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Community and Q&A

Should I install insulation?

liz_lee | Posted in General Questions on

My house in LA is about 100 years old and there is no insulation within exterior stucco walls.

I’m debating whether I should install insulation (these pink sheets sold in home depot) since I have a chance to do so.

The stucco looks pretty thin to me. If rain water gets into these pink materials, would it cause fungus growth or maybe bugs build a nest within? A house has its own working built in ventilation and functioning mechanism for 100 years. Maybe I should not disturb it.

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  1. davidmeiland | | #1

    You should probably consider cellulose insulation instead of XPS (the pink foam board). You are right to be concerned about changing the way the walls work, in terms of moisture movement. If you have the walls open, you are in a good position to determine whether there have been water infiltration issues. Any active leak could pose a big problem if you fill the stud bays. On the other hand, proper insulation will make the house a lot more comfortable.

  2. GBA Editor
    Martin Holladay | | #2

    A few questions:

    1. What does "LA" mean? Los Angeles or Louisiana?

    2. What are "pink sheets"? Are you talking about fiberglass batts or Owens Corning brand XPS (a type of rigid foam)?

    3. What kind of access do you have to these walls? Are you planning on replacing the stucco? Or are the stud bays open on the interior side?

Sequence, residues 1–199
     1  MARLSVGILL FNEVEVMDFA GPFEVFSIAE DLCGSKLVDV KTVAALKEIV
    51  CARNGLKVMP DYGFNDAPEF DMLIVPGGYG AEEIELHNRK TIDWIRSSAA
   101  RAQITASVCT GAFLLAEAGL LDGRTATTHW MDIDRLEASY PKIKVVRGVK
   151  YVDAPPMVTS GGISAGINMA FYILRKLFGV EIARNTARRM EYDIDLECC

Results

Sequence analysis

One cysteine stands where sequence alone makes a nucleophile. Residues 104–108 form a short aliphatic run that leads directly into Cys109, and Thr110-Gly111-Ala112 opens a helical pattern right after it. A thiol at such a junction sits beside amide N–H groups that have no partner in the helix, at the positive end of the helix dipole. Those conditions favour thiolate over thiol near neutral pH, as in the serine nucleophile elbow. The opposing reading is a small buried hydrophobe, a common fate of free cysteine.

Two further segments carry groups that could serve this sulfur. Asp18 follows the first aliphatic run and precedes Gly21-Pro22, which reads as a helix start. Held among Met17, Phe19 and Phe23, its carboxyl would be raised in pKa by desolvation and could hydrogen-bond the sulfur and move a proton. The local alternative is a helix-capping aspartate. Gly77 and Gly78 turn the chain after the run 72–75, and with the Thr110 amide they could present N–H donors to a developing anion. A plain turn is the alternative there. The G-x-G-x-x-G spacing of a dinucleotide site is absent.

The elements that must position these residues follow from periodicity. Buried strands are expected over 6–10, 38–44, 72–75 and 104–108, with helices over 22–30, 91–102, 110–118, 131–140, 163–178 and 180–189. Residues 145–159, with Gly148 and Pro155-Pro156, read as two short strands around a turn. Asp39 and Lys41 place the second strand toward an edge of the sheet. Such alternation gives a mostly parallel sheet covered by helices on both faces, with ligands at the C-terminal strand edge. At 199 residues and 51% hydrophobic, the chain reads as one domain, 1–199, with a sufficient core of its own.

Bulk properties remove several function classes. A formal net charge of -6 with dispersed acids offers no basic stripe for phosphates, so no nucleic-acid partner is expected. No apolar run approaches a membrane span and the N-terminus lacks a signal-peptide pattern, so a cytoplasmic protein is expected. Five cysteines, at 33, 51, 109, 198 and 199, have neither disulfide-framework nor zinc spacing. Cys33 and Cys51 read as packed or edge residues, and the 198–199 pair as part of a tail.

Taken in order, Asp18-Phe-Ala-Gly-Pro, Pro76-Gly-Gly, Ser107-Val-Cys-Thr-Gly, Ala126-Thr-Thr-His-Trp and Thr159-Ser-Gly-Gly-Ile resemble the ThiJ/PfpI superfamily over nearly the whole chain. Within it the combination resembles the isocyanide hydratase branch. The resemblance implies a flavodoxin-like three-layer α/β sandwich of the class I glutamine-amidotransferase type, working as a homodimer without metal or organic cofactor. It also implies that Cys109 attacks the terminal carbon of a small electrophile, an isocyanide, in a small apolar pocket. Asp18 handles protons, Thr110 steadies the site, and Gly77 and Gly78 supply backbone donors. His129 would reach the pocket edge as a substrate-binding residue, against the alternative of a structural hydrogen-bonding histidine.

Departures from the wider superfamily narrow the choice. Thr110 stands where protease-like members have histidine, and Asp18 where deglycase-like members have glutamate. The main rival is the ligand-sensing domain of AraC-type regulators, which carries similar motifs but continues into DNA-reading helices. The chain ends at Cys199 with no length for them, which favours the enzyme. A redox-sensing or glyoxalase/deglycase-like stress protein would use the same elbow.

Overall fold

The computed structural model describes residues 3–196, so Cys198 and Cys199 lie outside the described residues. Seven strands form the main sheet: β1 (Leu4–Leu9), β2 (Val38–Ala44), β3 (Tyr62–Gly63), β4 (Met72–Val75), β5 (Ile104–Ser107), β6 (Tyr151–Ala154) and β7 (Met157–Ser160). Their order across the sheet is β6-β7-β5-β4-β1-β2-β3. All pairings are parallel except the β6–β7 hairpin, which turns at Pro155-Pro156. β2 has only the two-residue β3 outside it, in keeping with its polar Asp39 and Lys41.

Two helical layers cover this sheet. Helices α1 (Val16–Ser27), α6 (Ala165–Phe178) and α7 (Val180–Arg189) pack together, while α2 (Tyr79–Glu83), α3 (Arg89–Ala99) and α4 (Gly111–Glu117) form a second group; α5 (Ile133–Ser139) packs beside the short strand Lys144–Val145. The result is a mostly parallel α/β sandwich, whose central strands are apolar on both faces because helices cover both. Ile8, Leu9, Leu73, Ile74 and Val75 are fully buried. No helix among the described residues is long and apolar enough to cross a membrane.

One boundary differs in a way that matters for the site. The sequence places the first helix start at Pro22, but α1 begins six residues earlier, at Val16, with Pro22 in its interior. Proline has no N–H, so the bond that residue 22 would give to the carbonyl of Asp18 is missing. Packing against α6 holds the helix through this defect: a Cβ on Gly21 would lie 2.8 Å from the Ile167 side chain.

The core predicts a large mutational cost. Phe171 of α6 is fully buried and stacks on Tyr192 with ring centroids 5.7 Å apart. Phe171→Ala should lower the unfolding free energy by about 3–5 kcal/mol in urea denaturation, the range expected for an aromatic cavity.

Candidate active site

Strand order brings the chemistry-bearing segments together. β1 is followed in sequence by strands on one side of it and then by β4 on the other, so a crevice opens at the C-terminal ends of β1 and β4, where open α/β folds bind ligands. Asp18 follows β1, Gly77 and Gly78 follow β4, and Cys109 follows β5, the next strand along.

3. Dana1 | | #3

    How to best insulate antique stucco depends a lot on the exact stackup of the wall assembly. Stucco retains a lot of rain & dew moisture, then releases it quickly when sun-warmed.These high-intensity moisture bursts are best managed with a ventilated air gap between the stucco-lath and the next layer in.

    Many stucco clad homes 100 years ago had wooden lath nailed directly to the studs, with no intermediate layer, and the stud bay cavity provided the drying path, which works. But you don't need a 3.5-4" of ventilation space- 1/2-3/4" will do. But creating that space usually requires a full-gut rehab of the interior.

    Other stucco stackups of the era had the stucco-lath with an air-gap (sometimes only ~1/4" between the stucco and a tar paper or rosin paper layer covering plank sheathing. If the air gap is deep enough (a half inch is good) AND the paper layer is a tar paper / fasphalted-felt (and not rosin paper) it can usually be safely insulated with blown fiber insulation.

    But there are variations on the theme- what do you have for a stackup?

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